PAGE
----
Problems and methodology in the compilation of an atlas for American literature : Henry Thoreau : a case study
Degree GrantorUniversity of Canterbury
Degree NameDoctor of Philosophy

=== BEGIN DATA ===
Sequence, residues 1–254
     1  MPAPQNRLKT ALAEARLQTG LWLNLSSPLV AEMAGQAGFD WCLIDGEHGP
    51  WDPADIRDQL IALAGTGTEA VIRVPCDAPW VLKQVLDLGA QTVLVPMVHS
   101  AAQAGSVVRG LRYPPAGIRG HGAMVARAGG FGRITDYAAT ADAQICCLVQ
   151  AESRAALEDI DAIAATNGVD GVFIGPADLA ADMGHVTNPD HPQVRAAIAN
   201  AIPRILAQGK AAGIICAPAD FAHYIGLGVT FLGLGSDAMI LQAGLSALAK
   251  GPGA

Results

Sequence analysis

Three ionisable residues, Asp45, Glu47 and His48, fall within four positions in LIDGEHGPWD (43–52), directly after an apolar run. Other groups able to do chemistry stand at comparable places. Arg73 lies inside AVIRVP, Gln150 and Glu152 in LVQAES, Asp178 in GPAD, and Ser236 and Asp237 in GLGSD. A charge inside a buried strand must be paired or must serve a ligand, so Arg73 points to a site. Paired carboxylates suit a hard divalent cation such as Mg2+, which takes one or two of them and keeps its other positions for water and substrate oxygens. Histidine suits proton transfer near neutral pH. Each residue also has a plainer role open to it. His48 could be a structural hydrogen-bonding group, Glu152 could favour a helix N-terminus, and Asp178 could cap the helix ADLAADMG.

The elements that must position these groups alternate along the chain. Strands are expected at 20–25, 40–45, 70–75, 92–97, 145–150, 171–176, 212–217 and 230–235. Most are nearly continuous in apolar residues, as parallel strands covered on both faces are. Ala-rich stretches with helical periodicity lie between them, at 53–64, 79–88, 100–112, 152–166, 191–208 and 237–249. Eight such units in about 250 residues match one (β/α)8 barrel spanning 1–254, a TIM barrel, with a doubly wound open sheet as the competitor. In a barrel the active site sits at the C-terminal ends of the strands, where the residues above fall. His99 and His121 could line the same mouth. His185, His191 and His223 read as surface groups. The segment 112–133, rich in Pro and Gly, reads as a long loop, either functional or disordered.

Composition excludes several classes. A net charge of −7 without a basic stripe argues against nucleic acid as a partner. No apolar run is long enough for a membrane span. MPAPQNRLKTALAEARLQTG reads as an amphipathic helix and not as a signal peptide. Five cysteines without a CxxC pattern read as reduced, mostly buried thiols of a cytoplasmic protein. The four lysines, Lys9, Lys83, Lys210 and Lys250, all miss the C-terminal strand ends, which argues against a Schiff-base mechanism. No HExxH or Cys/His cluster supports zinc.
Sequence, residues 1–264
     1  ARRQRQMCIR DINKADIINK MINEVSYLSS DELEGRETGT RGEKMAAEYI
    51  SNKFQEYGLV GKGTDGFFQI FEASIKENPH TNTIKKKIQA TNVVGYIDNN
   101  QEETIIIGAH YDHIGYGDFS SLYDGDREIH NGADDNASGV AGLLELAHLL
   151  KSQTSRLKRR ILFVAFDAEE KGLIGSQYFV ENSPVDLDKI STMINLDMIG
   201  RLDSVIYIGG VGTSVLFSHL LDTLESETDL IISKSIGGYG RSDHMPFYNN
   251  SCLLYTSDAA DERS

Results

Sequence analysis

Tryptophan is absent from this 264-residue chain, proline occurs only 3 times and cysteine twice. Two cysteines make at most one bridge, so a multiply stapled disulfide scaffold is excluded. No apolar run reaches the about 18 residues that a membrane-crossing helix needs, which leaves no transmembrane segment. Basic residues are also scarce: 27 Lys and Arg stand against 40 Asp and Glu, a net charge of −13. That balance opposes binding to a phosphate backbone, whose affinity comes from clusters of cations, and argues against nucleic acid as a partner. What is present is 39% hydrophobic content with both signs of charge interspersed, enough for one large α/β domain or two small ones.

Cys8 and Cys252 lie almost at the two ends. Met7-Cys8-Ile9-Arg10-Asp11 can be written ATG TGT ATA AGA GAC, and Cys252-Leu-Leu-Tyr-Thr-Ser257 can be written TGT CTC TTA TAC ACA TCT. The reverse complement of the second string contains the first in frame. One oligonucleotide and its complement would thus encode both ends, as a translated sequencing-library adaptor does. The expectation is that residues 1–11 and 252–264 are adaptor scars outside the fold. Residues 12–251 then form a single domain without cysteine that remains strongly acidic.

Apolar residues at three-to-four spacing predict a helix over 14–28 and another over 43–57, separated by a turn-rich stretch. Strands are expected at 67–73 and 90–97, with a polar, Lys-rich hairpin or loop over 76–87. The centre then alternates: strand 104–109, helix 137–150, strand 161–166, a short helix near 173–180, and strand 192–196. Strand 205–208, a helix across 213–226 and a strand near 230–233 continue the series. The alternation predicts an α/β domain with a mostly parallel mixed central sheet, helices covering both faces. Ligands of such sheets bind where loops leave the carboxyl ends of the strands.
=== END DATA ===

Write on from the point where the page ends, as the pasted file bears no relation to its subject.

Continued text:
This thesis is an investigation of the "sense of place” in American literature and the use of setting in selected works by four major American authors. A theory about the importance of setting in American writing is postulated and four caegories are established for defining an author's use of setting in his work. Regional and local color writing are discussed because of their special interest in the physical environment of their characters. A survey is made of the importance of setting in the work of major authors from the time of Benjamin Franklin to that of Ernest Hemingway. The general problems involved in providing suitable maps and illustrations for an "Atlas for American Literature" are studied, and methods for solving these problems discussed. Examples of specific problems and solutions to these problems are provided by maps and illustrations for one book by each of three authors who represent important periods in American literary development, namely James Fenimore Cooper, Mark Twain and John Steinbeck. The latter half of the thesis is a comprehensive study of the setting of all of Henry David Thoreau's writings and the provision of maps and illustrations to accompany them. Maps by Thoreau, contemporary maps and modern reconstructions are included, as well as selected illustrations relevant to the settings of his work. A chronology of all of Thoreau's travels beyond the Concord and Boston area has been compiled and a partial index drawn up for the thirty-six maps.